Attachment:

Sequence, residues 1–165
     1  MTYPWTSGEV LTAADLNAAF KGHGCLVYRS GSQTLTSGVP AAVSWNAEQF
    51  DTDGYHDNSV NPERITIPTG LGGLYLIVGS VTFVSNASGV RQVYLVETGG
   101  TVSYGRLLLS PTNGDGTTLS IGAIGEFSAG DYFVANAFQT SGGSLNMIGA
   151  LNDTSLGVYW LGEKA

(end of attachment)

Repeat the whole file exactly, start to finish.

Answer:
Sequence, residues 1–165
     1  MTYPWTSGEV LTAADLNAAF KGHGCLVYRS GSQTLTSGVP AAVSWNAEQF
    51  DTDGYHDNSV NPERITIPTG LGGLYLIVGS VTFVSNASGV RQVYLVETGG
   101  TVSYGRLLLS PTNGDGTTLS IGAIGEFSAG DYFVANAFQT SGGSLNMIGA
   151  LNDTSLGVYW LGEKA